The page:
MH: It is possible that viewers find the ambiguity in my art challenging; there are unexpected yet discernible bodily references in most of my work. The piece called "Facing Front IV" is taken from a tree by Central Park South, which has a warm brownish gray "top" and a cool grayish brown base. "Warm" and "cool" are technical terms used in painting that create contrast and liveliness to a palette or color scheme. I wanted the tree to have a human aspect, so I switched the "warm" brown top zone for pink, the "cool" gray brown base for dull blue. I don’t want to get too technical, but I took certain liberties with the colors to create a dramatic effect of shimmering colorful transformation. In the piece "Tree Woman," the figure is clearly discernible, as seen in the original motif, which is a digital photograph of a tree near Central Park West that has a clear female form inscribed in relief in its trunk. I hopped over two fences to get the shot. I use a flat graphic color space to divorce the motif from naturalistic references, highlighting it to accentuate an iconic quality in the isolated image. It occurs to me that the use of a flat ground connects my organic biomorphic forms with hard edge abstraction to create a hybrid genre.
BR: We are at a moment where the line between organic and synthetic is rapidly blurring. Your tree figures morph, they are organic, they are becoming something new. How much of your interest in them is related to the science of it… they are, in a way new forms.
MH: I think the fact that my hybrids tree-figures are new forms makes them noteworthy. I am not at all interested in the science of my vision and process. I just do it. Science is a field that I greatly respect but I have never had much affinity for. I am interested in the manifestations of poetry in the human bits and full figures that I am able to apprehend when I focus on a motif.
BR: There are a lot of artists I can think of that are working in this way, Anna Ehrsam and her light experiment photos for example, Pedro Barcieto creating these geometric abstractions that meld machines and organic passages… What are you looking at? What is influencing you that is out there now?
MH: I have always had an affinity for abstraction, although it isn’t my gift. My work is poised on the cusp between abstraction and representation, not realistic at that. I admire Giuseppe Penone’s large-scale tree sculptures and I am drawn to the works of Leonardo Drew, whose massive black sculptural relief works and installations connect with my interests in dark forms and natural materials. I very much appreciate the wooden sculptures and constructions of Ursula von Ridingsvard. Adrian Ghenie morphs abstraction and realism in enormous wall sized painted tableaux (Pace Gallery 2017). I don't look much at anyone; I find my own way through an image to its final resolution in my work.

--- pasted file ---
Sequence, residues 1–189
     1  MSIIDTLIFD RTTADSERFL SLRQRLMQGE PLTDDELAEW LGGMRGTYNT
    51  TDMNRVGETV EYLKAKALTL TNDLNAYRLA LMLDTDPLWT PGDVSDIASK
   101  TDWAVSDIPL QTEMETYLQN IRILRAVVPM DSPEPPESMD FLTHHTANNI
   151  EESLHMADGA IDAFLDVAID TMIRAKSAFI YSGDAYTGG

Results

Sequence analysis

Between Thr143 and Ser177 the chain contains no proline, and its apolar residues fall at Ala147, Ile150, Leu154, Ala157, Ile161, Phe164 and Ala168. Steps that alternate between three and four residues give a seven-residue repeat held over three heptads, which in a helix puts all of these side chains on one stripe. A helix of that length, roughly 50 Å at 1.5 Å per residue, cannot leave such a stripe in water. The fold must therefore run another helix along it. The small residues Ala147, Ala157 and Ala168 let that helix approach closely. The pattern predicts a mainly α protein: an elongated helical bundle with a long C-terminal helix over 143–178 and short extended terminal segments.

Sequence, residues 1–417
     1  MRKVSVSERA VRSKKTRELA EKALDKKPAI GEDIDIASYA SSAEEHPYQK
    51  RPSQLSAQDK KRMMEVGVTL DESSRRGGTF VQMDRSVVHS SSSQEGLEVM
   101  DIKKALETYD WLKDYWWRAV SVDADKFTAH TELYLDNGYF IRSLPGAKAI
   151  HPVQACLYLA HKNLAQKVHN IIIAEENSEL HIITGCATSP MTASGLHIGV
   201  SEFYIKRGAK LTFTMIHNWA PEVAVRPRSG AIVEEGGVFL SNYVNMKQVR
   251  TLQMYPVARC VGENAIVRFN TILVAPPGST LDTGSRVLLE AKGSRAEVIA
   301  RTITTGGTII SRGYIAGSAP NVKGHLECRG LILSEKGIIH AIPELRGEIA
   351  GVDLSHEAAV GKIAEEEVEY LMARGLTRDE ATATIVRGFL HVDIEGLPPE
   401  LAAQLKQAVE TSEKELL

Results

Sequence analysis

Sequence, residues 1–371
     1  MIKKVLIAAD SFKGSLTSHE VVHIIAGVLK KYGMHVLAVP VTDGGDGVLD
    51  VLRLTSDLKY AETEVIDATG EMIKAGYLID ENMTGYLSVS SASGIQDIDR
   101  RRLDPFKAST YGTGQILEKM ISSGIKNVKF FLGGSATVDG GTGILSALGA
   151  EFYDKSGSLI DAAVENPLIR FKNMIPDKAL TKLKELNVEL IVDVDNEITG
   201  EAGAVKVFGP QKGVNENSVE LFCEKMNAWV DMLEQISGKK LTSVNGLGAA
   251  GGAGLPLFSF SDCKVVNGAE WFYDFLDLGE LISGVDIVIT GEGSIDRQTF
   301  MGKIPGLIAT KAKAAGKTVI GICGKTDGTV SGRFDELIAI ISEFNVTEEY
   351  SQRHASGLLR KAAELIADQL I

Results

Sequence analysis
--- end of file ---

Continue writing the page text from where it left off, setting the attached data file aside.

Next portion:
I am crazy about the Old Masters; Rubens, Titian’s mythological themes, J.M.W. Turner, Claude Lorrain, Nicholas Poussin, Gainsborough, and of course Cezanne, Picasso and van Gogh.
BR: Your sculptures caught my eye immediately -- I see those and think what a great piece of set dressing for a Beckett play…
MH: Thank you for noticing my sculptures. I confess I know little about Beckett, but I will do some research. People say that my paintings are sculptural and my sculptures are painterly; this is my contrarian nature at play. I made about twenty-five pieces, but I had to stop as I lost my studio space due to contamination on my hallway. My current space is ten feet smaller, but I kept three sculptures to show visitors. When I was doing them, very few people said much about them. Now that I cannot make them anymore, people have begun to notice them. One day perhaps I will do some in my Vermont studio. I loved sculpting and drawing with metal. I painted them gold to signify the value of the found and discarded used objects that I combined with natural materials like sticks and pine cones, which I found in the Sequoia National Park in California.
BR: What are you working on next and when will we see it?
MH: I am going back to Scandinavia this month so I will be photographing northern and Icelandic trees. I have some shots of trees growing out of restaurants and cafes in Greece, so I may explore images of obstructed bio-forms intersected by geometric architectural elements. Not sure. I did some strong charcoal drawings of these motifs last summer. I have to intuit what I want next, so I cannot be sure until I am ready to know what to do.
BR: Anything else?
MH: I started a painting of a tree located in Collioure, France that I want to develop. I call it "Pharaoh and the Woman" but of course it is a tree with a projecting figure-like form jutting forth from its side. The forms are deep black with burnt sienna highlights. I also want to paint some more bonsai tree images. That is all I can think of for the moment.
Mr. Rubenstein is NYC-based painter, story teller, and smart culture aficionado.